SBTS Interview

GEOFFROY – ALTERED STATES & EXPLORATION | The SBTS Interview

May 9, 2017

Geoffroy | Photo: Marc-Étienne Mongrain

Geoffroy is an explorer. His music is a kaleidoscopic blend of cultural influences, world music samples and smooth, electronic pulses within a tripped-out haze. Coastline, his newly-released, first full-length album, was inspired by the music and experiences of his travel adventures. His latest music video for “Sleeping On My Own” depicts Geoffroy experiencing a temazcal ceremony in Mexico as a shaman leads him through a spiritual journey. Simultaneously exploring his consciousness and a spectrum of musical styles, Geoffroy has crafted a record that reflects his love of exploration and speaks to his unique artistry.

Coastline captures the essence of Geoffroy’s wanderlust spirit. Documenting the struggle to end his relationship, the album explores the tumultuous dichotomy of wanting both stability and complete independence. Weaving intimate lyrics into vast, emotionally heavy soundscapes, Montréaler Geoffroy is one of the most exciting electronic artists in the Canadian indie music scene. “I’m a big African music fan, Senegalese music fan,” says Geoffroy. “That’s my long-term dream – to do the kind of Paul Simon Graceland record but in my kind of taste.”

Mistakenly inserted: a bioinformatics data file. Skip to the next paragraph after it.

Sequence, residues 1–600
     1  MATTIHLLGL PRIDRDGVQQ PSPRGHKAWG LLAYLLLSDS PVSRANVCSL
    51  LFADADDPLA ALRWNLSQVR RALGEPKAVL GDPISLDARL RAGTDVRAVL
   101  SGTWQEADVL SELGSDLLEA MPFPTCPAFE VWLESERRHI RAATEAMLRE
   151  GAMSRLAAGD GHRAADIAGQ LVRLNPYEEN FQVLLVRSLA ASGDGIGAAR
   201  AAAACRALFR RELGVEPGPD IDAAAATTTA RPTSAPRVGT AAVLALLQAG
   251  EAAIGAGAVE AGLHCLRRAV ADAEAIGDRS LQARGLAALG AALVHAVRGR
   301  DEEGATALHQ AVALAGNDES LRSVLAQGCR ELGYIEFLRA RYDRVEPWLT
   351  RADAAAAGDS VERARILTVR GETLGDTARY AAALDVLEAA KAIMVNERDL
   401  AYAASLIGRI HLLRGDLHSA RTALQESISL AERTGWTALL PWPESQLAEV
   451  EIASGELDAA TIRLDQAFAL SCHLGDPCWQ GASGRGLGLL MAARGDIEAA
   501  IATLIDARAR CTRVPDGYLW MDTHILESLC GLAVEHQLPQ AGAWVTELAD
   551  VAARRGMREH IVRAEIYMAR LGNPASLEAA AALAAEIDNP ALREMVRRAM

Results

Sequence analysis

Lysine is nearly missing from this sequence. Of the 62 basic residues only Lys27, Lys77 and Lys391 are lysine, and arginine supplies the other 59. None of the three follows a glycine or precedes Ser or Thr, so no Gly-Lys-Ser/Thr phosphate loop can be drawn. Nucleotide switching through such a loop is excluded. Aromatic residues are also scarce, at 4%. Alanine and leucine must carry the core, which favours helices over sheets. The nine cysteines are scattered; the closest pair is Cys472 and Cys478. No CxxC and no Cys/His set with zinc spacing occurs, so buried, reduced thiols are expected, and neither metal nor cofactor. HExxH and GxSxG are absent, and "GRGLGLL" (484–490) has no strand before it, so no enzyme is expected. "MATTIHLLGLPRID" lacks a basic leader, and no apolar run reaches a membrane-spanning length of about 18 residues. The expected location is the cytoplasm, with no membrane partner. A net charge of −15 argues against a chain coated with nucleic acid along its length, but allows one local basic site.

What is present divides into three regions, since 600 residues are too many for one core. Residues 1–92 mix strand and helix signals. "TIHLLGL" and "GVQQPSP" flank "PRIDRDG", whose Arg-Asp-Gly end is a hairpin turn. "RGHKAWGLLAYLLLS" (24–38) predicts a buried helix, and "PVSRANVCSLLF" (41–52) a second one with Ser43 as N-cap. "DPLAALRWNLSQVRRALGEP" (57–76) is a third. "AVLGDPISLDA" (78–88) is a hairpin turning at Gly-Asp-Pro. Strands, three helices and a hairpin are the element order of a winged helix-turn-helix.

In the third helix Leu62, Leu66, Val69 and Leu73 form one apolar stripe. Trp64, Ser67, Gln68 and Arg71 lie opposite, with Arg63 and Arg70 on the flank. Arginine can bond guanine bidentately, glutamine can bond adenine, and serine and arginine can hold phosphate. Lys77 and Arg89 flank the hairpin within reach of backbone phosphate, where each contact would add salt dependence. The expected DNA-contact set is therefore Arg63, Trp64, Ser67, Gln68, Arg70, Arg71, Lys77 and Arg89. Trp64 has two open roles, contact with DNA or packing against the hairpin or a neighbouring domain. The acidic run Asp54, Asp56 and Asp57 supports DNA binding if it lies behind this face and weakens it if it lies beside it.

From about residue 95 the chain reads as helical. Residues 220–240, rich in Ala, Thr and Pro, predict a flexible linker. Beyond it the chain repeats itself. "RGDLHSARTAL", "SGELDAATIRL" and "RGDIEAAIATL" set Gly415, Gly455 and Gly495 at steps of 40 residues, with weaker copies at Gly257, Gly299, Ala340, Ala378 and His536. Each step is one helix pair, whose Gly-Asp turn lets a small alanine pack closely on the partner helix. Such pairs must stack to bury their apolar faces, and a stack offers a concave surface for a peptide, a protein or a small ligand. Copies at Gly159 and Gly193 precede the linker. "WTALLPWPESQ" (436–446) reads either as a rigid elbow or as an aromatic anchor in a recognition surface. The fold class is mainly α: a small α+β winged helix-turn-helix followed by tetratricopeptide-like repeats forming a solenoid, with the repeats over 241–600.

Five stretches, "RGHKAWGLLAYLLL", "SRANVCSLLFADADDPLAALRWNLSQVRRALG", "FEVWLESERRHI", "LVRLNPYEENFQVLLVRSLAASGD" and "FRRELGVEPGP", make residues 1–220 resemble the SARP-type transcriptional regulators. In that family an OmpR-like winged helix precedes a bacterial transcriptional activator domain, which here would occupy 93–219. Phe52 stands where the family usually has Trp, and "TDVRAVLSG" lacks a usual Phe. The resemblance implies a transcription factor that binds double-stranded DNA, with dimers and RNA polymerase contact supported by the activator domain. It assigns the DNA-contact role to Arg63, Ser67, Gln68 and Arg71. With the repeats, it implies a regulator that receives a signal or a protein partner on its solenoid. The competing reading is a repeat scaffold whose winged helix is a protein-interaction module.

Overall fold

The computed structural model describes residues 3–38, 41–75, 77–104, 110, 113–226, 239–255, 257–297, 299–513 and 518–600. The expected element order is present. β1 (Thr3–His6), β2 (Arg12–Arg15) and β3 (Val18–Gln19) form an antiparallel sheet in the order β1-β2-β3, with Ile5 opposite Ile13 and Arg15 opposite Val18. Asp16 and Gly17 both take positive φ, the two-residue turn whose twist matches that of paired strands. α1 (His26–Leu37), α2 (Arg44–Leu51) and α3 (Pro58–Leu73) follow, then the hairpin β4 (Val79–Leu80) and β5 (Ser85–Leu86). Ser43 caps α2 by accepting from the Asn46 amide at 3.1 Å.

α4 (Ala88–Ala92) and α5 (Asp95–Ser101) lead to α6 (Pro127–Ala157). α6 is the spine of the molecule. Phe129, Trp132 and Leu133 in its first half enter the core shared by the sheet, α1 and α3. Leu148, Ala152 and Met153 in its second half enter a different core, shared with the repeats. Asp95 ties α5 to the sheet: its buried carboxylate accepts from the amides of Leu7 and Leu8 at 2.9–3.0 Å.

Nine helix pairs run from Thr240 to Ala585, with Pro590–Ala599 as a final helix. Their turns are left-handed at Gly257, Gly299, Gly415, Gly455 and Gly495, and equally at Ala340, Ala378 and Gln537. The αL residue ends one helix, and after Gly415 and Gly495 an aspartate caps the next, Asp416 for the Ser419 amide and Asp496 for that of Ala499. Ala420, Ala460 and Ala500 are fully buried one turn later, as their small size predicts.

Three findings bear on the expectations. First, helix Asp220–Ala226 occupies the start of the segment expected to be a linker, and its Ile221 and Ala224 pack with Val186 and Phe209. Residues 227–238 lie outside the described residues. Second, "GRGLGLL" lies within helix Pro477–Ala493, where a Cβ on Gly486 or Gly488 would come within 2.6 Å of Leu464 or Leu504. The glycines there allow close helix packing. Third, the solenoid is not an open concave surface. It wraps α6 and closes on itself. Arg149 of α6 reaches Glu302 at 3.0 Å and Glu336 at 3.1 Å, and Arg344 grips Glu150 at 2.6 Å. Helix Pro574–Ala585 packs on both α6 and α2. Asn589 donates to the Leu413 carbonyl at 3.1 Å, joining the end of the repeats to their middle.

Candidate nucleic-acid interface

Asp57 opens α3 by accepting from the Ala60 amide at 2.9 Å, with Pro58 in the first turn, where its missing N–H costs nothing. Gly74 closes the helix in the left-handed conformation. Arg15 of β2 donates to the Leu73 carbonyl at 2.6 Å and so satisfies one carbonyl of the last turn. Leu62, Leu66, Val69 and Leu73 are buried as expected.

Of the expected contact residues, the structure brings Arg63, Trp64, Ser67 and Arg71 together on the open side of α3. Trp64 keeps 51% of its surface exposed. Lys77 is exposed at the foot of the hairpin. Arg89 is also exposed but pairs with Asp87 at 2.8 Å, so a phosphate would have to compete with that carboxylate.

Geoffroy sat down with Stories Behind The Songs before his show at Canadian Music Week and talked about the creativity of altered states of consciousness, the inspiration behind the songs on Coastline, and performing the album in front of his ex.

  You’ve said that your experiences traveling reveal themselves in your music. Do certain tracks on Coastline sound like certain places for you?

Geoffroy:  Yeah, I kept having this image of the Pacific Northwest when I was composing and listening to the first drafts of the album. Like, forest-y, Oregon, B.C.-ish images just came back and came back. I wrote the song “Coastline” out of that feeling and then I was like, “Fuck, the album should be that.” But when you travel, you live a lot and you meet a lot of people and you take in a lot and I think it just unconsciously comes out when you’re writing at home and it’s quiet and memories and feelings and moments that you had kind of build the story also.